in the Mediterranean Sea
A ship captain from Dumaguete became a hero to some 60 starving and dehydrated undocumented migrants from Syria, Lebanon and Palestine, when he led their rescue on Sept. 6 after drifting for 11 days in the Mediterranean Sea in an overcrowded fishing boat.
Capt. Noel Baco Uy, a resident of barangay Batinguel, and Master of the German-owned cargo vessel BBC Pearl, led the rescue operations for the migrants who had been attempting to sail from Lebanon to Italy in search of a better life.
“Our freighter was bound for Egypt when we received a message from MRCC Malta to contact them ASAP,” Captain Uy told the MetroPost. He said they were advised to proceed to a “distressed area with a white boat without power, with undetermined people onboard”.
Then he informed his superiors about the call, and instantly got the go-ahead. It was around three in the morning as they were sailing on the Mediterranean Sea.
“We immediately changed course, and sailed 12 nautical miles [about 22 kilometers] to Malta. When the white boat was sighted, the Maritime Rescue Coordination Center of Malta designated BBC Pearl as On-Scene Commander, and ordered us to ‘rescue and render assistance to the boat in distress’,” Captain Uy said.
The BBC Pearl crew found 33 men, seven women, and 23 children tightly packed in a fishing boat measuring about three to four meters wide and six to eight meters long. It was also starting to leak. “More than a third of them were underage,” he lamented.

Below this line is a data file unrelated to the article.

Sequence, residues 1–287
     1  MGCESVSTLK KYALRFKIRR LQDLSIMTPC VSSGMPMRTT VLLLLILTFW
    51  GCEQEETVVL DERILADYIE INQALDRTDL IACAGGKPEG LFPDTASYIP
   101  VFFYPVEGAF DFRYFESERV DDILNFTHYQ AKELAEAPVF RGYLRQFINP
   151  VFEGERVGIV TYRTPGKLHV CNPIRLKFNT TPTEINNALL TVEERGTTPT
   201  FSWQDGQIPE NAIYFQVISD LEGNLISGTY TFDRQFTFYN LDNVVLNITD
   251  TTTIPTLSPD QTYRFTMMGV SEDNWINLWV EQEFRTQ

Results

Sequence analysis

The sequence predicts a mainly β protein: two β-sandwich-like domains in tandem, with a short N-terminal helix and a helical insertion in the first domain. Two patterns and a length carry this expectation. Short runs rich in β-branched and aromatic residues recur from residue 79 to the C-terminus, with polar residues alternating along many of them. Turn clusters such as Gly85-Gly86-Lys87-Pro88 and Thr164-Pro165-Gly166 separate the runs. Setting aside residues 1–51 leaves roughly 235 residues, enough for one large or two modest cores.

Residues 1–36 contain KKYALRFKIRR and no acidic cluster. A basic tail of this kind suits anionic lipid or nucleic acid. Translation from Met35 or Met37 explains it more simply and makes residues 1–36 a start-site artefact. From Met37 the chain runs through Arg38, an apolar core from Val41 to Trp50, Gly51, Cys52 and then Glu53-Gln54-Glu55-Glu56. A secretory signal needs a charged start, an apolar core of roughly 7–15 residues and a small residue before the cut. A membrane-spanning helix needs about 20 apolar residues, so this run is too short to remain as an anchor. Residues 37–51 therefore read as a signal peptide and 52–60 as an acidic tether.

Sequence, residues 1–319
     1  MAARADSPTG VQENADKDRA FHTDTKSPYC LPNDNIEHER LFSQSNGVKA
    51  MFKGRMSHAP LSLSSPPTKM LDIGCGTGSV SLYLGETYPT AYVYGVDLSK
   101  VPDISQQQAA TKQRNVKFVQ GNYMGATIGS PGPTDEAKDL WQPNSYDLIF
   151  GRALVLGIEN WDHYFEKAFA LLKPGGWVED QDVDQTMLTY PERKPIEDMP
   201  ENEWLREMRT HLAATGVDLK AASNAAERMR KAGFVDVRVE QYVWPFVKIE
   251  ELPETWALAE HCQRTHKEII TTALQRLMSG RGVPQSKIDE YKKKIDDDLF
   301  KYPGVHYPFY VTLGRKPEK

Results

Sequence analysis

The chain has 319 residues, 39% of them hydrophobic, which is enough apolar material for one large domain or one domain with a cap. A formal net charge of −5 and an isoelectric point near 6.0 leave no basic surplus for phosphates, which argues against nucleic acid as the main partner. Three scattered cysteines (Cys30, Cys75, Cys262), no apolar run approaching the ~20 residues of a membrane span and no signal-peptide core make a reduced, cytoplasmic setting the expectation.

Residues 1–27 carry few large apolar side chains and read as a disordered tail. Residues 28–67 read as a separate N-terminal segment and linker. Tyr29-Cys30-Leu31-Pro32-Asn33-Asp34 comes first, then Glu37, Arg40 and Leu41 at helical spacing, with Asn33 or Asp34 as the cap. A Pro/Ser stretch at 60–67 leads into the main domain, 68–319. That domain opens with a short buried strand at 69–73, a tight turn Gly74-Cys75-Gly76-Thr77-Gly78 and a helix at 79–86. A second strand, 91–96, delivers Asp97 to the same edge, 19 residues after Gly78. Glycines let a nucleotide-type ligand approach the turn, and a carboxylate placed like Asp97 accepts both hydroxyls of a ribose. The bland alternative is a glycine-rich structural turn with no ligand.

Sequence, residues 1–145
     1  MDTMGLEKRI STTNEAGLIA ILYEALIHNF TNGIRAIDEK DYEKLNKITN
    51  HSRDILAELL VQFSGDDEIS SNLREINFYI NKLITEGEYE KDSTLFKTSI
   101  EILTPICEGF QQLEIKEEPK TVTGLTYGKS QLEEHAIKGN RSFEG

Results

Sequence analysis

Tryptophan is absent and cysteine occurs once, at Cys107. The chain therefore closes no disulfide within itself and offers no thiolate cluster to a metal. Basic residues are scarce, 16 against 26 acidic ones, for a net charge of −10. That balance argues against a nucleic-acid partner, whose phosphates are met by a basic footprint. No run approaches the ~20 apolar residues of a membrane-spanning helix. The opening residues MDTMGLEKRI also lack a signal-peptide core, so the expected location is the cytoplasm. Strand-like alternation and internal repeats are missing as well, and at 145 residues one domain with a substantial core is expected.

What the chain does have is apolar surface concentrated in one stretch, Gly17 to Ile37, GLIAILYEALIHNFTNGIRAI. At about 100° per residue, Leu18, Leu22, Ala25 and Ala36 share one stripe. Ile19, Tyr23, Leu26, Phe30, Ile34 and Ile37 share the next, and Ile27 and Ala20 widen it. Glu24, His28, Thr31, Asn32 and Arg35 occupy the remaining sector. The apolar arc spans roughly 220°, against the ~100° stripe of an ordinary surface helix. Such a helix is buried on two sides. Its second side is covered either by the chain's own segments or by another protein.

“We first pulled up into our vessel the women and children by using our heavy-duty bags,” Captain Uy said. The bags are strong enough to carry 1,000 kilos.
The bags had to be pulled up about eight meters from the fishing boat upto the closest deck of the BBC Pearl freighter. This had to be done by three to four crew men, while struggling with winds of upto 40 knots (about 74 kilometers per hour) that were smashing the freighter with waves as high as four meters.
The weather was so bad that time that the tiny fishing boat was in danger of capsizing any time, Captain Uy noted. “One of the reasons why ships capsize is when they lose engine power during bad weather,” he said.
“When facing big waves, one has to approach it head-on,” noted Captain Uy, who has been a seafarer the last 36 years (20 years of which as ship master) since completing his BS in Marine Transportation from the University of Cebu. “If big waves hit the ship at the broadside, and they are strong enough, the ship could capsize. That’s why power is essential to be able to maneuver, face the wave head on, and ride over it,” he explained.
Short video clips provided by Captain Uy to the MetroPost showed the difficulties they were experiencing during the rescue in the rough sea, as the fishing boat was bobbing up and down and “disappearing” among the high waves. At one point, a woman was trying to climb the pilot ladder but lost her grip when big waves slammed the fishing boat into the freighter.